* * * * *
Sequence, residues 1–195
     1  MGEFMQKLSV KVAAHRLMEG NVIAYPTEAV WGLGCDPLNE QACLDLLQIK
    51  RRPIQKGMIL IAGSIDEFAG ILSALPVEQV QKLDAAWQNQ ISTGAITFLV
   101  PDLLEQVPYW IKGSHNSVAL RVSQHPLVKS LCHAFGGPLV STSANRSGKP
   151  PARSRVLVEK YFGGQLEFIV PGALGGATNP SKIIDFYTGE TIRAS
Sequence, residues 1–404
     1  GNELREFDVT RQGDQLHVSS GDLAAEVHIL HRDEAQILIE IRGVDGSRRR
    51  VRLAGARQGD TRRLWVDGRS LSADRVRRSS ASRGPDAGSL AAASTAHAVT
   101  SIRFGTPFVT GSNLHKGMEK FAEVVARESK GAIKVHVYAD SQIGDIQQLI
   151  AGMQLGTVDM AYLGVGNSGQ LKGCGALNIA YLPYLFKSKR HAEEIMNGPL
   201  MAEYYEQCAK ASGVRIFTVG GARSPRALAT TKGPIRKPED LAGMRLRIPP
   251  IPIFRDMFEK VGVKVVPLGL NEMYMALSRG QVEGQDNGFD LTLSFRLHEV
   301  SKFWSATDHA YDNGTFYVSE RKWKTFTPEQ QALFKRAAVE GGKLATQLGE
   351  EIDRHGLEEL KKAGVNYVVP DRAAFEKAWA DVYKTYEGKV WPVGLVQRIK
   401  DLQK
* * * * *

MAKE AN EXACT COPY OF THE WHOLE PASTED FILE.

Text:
Sequence, residues 1–195
     1  MGEFMQKLSV KVAAHRLMEG NVIAYPTEAV WGLGCDPLNE QACLDLLQIK
    51  RRPIQKGMIL IAGSIDEFAG ILSALPVEQV QKLDAAWQNQ ISTGAITFLV
   101  PDLLEQVPYW IKGSHNSVAL RVSQHPLVKS LCHAFGGPLV STSANRSGKP
   151  PARSRVLVEK YFGGQLEFIV PGALGGATNP SKIIDFYTGE TIRAS
Sequence, residues 1–404
     1  GNELREFDVT RQGDQLHVSS GDLAAEVHIL HRDEAQILIE IRGVDGSRRR
    51  VRLAGARQGD TRRLWVDGRS LSADRVRRSS ASRGPDAGSL AAASTAHAVT
   101  SIRFGTPFVT GSNLHKGMEK FAEVVARESK GAIKVHVYAD SQIGDIQQLI
   151  AGMQLGTVDM AYLGVGNSGQ LKGCGALNIA YLPYLFKSKR HAEEIMNGPL
   201  MAEYYEQCAK ASGVRIFTVG GARSPRALAT TKGPIRKPED LAGMRLRIPP
   251  IPIFRDMFEK VGVKVVPLGL NEMYMALSRG QVEGQDNGFD LTLSFRLHEV
   301  SKFWSATDHA YDNGTFYVSE RKWKTFTPEQ QALFKRAAVE GGKLATQLGE
   351  EIDRHGLEEL KKAGVNYVVP DRAAFEKAWA DVYKTYEGKV WPVGLVQRIK
   401  DLQK